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Personal approach to HIV

'You can't really deliver good care unless you understand and are willing to accommodate the whole context of the individual,' said Dr. Heidi Louise Behforouz. "You can't really deliver good care unless you understand and are willing to accommodate the whole context of the individual," said Dr. Heidi Louise Behforouz. (Suzanne Kreiter/Globe Staff)
By Karen Weintraub
Globe Correspondent / October 3, 2011

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Dr. Heidi Louise Behforouz


Behforouz heads an HIV-treatment organization called Prevention and Access to Care and Treatment (PACT), a project of Brigham and Women's Hospital, and the global health provider Partners in Health.

Q. Your group focuses on helping people with HIV, the virus that causes AIDS, who have not been helped by other programs, right?

A. We are referred HIV/AIDS patients who are “failing standard care’’ from 25 different places and hospitals across the country. Patients typically are very sick - they’re immuno-compromised, they’ve had lots of opportunistic illnesses, multiple case managers, a string of hospitalizations and emergency room trips for preventable illness.

Q. What do you do to help them?

A. We assign them a community health worker who does a lot of home-based skill-building, social-support building, life-negotiating skills-building, but also accompanying them into the clinic to make sure the clinician understands when they’re making treatment recommendations what’s happening in the patients’ life.

Q. This idea of a community health worker comes from work Partners in Health has done in Haiti, but you’ve brought it to Boston?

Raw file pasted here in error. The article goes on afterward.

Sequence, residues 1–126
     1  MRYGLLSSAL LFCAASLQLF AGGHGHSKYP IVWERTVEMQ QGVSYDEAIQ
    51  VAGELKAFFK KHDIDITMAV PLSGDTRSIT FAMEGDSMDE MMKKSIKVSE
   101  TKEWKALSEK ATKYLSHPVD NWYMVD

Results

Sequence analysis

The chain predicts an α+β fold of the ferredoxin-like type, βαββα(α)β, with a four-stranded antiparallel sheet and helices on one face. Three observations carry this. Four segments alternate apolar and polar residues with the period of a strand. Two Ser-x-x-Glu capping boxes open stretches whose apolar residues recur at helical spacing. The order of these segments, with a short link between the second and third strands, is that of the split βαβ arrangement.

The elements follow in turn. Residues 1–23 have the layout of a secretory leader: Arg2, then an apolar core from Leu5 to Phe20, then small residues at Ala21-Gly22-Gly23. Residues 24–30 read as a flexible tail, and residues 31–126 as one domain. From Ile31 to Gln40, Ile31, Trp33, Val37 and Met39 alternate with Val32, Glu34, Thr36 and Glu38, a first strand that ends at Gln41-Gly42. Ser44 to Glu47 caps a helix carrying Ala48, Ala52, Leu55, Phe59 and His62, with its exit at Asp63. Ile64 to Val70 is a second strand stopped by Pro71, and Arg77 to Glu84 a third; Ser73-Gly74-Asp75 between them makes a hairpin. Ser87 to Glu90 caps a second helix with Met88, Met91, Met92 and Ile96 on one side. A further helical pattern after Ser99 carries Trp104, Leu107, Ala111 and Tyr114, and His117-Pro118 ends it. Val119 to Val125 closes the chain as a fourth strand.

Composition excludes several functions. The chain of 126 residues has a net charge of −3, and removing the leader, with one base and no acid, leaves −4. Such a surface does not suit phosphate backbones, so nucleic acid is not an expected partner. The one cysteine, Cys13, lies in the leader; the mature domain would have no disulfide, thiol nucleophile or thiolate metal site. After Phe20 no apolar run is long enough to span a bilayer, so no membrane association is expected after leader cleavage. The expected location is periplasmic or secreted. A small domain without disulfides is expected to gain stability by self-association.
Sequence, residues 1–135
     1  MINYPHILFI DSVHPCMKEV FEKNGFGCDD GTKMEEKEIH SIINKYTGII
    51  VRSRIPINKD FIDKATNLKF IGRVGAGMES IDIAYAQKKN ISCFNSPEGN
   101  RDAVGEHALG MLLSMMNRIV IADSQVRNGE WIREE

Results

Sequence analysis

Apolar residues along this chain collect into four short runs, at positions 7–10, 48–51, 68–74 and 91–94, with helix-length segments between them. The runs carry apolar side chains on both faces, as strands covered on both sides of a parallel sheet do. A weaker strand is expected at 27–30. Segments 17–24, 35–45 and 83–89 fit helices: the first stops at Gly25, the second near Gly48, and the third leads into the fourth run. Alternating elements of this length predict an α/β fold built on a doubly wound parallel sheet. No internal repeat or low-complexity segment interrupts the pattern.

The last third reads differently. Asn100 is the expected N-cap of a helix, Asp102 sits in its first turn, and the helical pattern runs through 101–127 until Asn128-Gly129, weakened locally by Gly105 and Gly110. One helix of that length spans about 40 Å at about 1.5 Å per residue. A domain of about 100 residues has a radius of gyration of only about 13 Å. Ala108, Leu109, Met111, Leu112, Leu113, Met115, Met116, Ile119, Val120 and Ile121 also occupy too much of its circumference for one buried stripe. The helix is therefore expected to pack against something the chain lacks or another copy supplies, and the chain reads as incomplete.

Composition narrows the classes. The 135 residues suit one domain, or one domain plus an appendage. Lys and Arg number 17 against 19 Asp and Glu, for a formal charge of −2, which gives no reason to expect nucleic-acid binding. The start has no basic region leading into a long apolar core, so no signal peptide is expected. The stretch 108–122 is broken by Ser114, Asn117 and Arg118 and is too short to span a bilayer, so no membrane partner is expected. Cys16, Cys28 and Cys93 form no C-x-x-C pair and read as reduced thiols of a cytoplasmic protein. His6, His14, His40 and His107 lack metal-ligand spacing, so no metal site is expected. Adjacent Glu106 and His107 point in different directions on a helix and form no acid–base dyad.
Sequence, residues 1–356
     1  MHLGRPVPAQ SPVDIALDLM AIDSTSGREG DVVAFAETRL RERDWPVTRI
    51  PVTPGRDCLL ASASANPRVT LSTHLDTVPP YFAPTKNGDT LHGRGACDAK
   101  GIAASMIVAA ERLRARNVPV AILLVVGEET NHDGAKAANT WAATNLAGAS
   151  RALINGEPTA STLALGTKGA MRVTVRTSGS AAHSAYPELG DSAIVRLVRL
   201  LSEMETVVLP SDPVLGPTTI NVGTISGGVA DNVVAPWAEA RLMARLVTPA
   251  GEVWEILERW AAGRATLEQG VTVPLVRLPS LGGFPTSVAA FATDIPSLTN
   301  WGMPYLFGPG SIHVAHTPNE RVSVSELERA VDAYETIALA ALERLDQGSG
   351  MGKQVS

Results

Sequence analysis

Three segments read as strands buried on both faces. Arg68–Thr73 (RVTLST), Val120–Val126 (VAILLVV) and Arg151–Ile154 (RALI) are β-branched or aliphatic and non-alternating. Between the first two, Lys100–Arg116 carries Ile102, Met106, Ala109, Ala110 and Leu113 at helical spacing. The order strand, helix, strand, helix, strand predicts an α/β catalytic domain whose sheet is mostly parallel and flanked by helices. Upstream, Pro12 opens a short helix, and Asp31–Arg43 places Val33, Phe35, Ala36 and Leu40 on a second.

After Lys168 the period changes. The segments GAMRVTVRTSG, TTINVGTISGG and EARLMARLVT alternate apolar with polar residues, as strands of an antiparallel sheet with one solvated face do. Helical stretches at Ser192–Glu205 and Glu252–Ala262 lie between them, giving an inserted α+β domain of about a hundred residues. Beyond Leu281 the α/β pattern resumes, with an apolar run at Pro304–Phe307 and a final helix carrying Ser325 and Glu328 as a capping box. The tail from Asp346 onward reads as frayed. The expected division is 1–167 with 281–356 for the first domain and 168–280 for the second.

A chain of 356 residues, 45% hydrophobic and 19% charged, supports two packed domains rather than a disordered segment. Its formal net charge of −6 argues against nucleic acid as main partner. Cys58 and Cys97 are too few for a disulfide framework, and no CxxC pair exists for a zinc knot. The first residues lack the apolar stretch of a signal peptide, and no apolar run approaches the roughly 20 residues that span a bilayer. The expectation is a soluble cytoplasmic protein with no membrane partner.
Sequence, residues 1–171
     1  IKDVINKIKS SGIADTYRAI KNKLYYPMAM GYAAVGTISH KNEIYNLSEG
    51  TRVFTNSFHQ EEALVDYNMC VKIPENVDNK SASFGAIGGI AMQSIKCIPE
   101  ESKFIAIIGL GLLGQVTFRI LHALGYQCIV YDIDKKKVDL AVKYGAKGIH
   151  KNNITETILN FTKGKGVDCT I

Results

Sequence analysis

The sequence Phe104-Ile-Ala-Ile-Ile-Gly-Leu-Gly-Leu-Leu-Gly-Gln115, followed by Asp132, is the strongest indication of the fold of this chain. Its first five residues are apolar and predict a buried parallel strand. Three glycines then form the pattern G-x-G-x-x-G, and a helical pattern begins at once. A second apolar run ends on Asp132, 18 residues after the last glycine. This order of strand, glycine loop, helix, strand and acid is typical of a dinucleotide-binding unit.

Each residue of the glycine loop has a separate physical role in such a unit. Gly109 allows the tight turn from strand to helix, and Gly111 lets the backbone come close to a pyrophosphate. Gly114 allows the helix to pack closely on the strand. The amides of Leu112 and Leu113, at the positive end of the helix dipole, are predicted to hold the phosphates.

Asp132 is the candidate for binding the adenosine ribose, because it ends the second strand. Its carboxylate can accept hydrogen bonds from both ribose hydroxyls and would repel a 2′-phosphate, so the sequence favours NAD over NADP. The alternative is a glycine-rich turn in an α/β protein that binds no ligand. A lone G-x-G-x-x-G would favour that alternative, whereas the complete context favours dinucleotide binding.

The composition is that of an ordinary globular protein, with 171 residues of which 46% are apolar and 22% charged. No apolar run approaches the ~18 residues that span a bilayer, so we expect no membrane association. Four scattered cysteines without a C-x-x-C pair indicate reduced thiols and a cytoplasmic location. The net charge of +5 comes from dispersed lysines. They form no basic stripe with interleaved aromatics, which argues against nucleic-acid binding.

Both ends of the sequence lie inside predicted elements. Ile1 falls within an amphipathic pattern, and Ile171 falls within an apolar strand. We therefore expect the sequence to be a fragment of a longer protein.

A. We believe in an “accompagnateur’’ approach - it’s French for “to accompany.’’ Our community health workers walk with individuals, as they experience life with poverty and illness. You can’t really deliver good care unless you understand and are willing to accommodate the whole context of the individual. We feel the person most uniquely qualified to do that is a community health worker - someone derived from the affected community who lives many of the realities that our vulnerable patients face. Who not only can talk the talk but walk the walk.

Q. What can community health workers do for patients that conventional health care providers can’t or don’t?

A. A community health worker can [go] with the person to their pantry and talk about what the person can afford or how they learned to cook or what feels like a healthy meal to them, and really work with them - go with them into the grocery store. Teach them how to read labels, cook together, do walking together. Really help implement those changes in their lives in a way that you can’t do in the artificial setting of the clinic.

Q. How do you know this approach works?

A. What we found is that 70 percent of the patients referred to us have tremendous improvements in health outcomes: return to work, regain custody of their children, we see their immune systems improving. When we did an analysis of total medical costs in 70 patients for whom we had two years of data, we saw a 60 percent reduction in hospitalizations and 35 percent reduction in total medical expenditures. This model has been proven effective.

Q. Have you thought about expanding this approach to other diseases?

A. We did a trial at Codman Square integrating community health workers into their diabetes care team and found again that within six months there was a significant clinical improvement in the cohort assigned a community health worker.

Q. So the goal now is to bring it up to a scale where this kind of care can be provided for other conditions and in other parts of the country?

A. What PACT is trying to do now is figure out how we package all of this - make as much of it standardizable as possible. [Our hope is that] this can be embedded in every primary-care setting, and maybe one day obviate the need for all the behemoth hospitals that are being built, because we’ve really strengthened primary care and community care.

This interview has been edited and condensed. Karen Weintraub can be reached at

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